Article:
Muskoka’s rocky shores and sparkling waters have attracted cottagers for generations, but navigating the rugged, granite landscape has never been easy.
“To get from cottage to water, you need outdoor stairs,” says Peter Christenson, owner and head designer at Shoreline Design, an outdoor stair construction company. “Without stairs, your waterfront property is only a water-view property.”
The key is to find a stair designer that can create a staircase that is safe and aesthetically pleasing, that will add to your acreage without damaging the rock or obstructing views.
“The right staircase enhances your outdoor living environment and protects its beauty,” says Peter.
Peter is no stranger to Muskoka’s granite islands and shoals. He has been building on the shores of Muskoka since the age of 12, constructing everything from homes to docks. There’s a science to creating structures in Cottage Country, but for Peter, stairs have also become an art form.
“I create stairs like I create music,” says Peter, who’s also a gifted musician. “I never sat down with pen and paper to write a song, it just flows through me. Stairs are the same. I’ve been doing it so long, the designs just come to me as I build.”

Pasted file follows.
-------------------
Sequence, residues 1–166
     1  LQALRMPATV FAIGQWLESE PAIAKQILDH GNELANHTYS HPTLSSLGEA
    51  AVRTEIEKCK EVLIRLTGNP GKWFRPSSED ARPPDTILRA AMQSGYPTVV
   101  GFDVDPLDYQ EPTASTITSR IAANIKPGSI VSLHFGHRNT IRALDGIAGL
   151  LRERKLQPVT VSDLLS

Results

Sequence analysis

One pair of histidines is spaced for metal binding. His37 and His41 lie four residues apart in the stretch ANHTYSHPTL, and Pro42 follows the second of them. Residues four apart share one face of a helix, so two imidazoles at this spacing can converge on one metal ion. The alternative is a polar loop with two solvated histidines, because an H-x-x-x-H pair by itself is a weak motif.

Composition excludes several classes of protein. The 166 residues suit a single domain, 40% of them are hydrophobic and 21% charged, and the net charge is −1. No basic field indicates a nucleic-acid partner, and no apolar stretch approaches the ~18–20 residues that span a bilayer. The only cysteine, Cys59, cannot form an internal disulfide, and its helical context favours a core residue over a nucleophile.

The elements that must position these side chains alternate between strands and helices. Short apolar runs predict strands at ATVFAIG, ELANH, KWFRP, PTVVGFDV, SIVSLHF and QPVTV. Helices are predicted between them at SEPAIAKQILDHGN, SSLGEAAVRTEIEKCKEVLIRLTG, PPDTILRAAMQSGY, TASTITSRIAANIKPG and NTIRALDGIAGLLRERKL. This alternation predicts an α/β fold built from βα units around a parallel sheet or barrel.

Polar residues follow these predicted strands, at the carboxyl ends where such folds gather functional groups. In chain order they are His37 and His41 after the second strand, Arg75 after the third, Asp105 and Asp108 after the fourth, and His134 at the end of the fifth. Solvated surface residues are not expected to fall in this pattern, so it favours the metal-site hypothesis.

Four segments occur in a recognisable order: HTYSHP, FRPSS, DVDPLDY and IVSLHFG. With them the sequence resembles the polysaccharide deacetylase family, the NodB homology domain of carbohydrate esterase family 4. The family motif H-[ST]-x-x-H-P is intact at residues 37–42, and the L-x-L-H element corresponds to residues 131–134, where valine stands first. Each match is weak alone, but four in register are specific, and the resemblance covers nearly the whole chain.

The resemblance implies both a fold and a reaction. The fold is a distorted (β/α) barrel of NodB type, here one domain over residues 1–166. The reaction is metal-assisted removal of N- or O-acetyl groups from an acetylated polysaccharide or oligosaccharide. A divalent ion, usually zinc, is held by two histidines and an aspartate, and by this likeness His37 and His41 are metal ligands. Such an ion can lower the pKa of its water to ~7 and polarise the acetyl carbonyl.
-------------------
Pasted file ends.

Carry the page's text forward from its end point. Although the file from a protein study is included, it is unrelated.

A major key to Peter’s designs is safety. “I don’t like to go over eight feet vertical between landings for safety reasons,” says Peter. By going eight feet in one direction before adding a platform and switching back in another direction, each staircase takes a different design and is reinforced with greater strength and integrity.
“While it would be easy to create a single staircase that follows the steep incline of a rockface, one misstep could be dangerous.”
Peter’s stairs work with the landscape, leaving the slope and bank intact.
“If there are loose rocks around the stairs, we’ll reinforce them with mesh to keep them from falling.”
Built to Last
While others may use pressure-treated wood, Peter only uses old growth cedar – a material that he sources from Victoria, British Columbia. While the material lasts 30-plus years in the West Coast’s salt air and humidity, Peter says it will last more than 50 years in Ontario.
“It’s an eco-friendly material that will last for decades,” says Peter. “It’s beautiful. Full dimensional planks. It’s the real deal.”
While no two waterfronts are identical, Peter says no rockface is ever too difficult to build on.
“No incline is too steep,” says Peter. “Let’s work with your property to create safe and beautiful water access over steep and rugged terrain.”
TEXT SHELANNE AUGUSTINE